When Wendy Dominguez (BSBA 1991, MBA 1992) considers hiring someone at her investment advising firm, she is, naturally, interested in the candidate’s qualifications, experience and aptitude for the job. But before she considers any of that, she hones in on the candidate’s character.
“We hire stewards, we hire people who are really smart in finance but it’s always character first for us,” said Dominguez, president and co-founder of Denver-based Innovest Portfolio Solutions, LLC. “We determine whether they want to take care of other people. If that’s the case, we can check that box and then make sure they’re smart and have the ability to do the work we need them to do. But it always starts with that stewardship question.”
The concept of stewardship—and doing the right thing—is what Innovest is all about, according to Dominguez. Indeed, it’s why the firm exists at all. In the mid 1990s, Dominguez was working for a Denver branch of a Wall Street-based investment bank when she and a colleague, Rich Todd, were taken to task by the bank president for firing an investment manager because of poor performance. “We didn’t know it at the time but the investment manager was one of the largest trading partners of our Wall Street bank,” Dominguez recalled. “The president reminded us that we shouldn’t only consider our clients but the firm’s shareholders as well. That didn’t sit well with us.”
Dominguez and Todd felt so strongly, in fact, that they severed ties with the Wall Street bank and founded Innovest in 1996 with the mandates of being independent, objective and always putting clients first. “Keeping clients at the forefront of all decisions and eliminating all conflicts of interest is what we’re about,” Dominguez said.
This adherence to a code of ethics is something that resonated with Dominguez while she was a student at Daniels in the early 1990s. Just a few years before she enrolled at the College, Bill Daniels—the “father of cable television”—presented the University of Denver with a challenge grant to update its graduate business curriculum to emphasize ethics and leadership. “That focus really helped me figure out the type of firm I wanted to work for and how I wanted to operate in this world. It was hugely impactful for me,” she said.
Operating ethically has been hugely impactful for Innovest as well. Since its founding, the firm has grown from 5 employees to 47; from 25 clients to more than 220; and from $250 million in assets for which it consults to more than $18 billion. And then there are the awards: The firm and its services are consistently ranked among the top in the nation by entities such as Financial Advisor, Forbes, PLANSPONSOR and the Denver Business Journal, among others.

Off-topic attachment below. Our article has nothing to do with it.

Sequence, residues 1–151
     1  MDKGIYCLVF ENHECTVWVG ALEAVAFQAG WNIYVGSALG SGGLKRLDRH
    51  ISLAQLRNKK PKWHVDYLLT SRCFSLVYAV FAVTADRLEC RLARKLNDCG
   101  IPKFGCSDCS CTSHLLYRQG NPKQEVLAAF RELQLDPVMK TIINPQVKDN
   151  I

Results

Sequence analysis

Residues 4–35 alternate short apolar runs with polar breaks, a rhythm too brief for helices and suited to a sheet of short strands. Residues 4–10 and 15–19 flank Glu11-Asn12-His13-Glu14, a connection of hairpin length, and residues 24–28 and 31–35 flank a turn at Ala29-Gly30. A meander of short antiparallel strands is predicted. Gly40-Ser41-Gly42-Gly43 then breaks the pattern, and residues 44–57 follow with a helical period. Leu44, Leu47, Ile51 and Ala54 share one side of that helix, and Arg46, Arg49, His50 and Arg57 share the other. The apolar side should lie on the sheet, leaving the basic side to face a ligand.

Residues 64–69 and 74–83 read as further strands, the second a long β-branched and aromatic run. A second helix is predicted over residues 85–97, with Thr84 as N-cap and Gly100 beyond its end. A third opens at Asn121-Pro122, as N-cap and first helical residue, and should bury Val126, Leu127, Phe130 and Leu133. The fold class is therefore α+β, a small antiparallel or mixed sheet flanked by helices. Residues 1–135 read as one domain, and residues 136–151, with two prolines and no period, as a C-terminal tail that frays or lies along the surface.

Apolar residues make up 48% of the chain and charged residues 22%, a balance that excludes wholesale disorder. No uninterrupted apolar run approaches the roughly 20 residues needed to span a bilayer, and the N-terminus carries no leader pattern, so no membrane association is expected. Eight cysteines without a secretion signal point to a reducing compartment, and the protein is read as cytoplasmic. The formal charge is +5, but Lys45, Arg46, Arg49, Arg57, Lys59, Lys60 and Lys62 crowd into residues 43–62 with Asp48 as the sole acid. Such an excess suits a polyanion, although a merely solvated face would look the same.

Dominguez is no slouch in the awards department either with accolades that include making Employee Benefit Adviser Magazine’s list of the “Top 25 Most Influential Women in Benefit Advising” (2014 and 2016); the Financial Times’ list of “Top 100 Women Financial Advisers” (2014); and the Denver Business Journal’s Outstanding Women in Business Awards (Dominguez was a finalist in 2016 and 2017).
One award makes Dominguez particularly proud, however: For three of the last four years Innovest has been named one of the “Best Places to Work in Money Management” by Pensions and Investments magazine. And with mentorship programs, firm-wide community service projects, and regular check-ins to determine what’s going well and what’s posing a challenge, it’s easy to see why employees find Innovest such a nurturing work environment. Not to mention the passion its senior leaders bring to the table. “I love it all. I love coming to work and being able to help people—our clients and our employees,” Dominguez said. “Rich, my partner, sends an email to the whole firm every Monday morning called, ‘We Love Mondays,’ which recognizes accomplishments from the past week to get everybody charged up for Monday. I think that says a lot about the culture here.”
Something else that speaks volumes about Innovest’s culture are the personal codes of ethics employees develop, identifying principles for which they stand (you can read many of them on the Innovest website). While Dominguez has delineated several beliefs as part of her personal code—including “The ends do not justify the means,” and “My success will ultimately be judged by what my children think of me”—one is particularly resonant for the Pioneer. “It’s ‘Look up, get up and never give up,’” she said. “That’s actually what my husband, my kids and I decided we stand for as a family. So that is the one that’s most important to me.”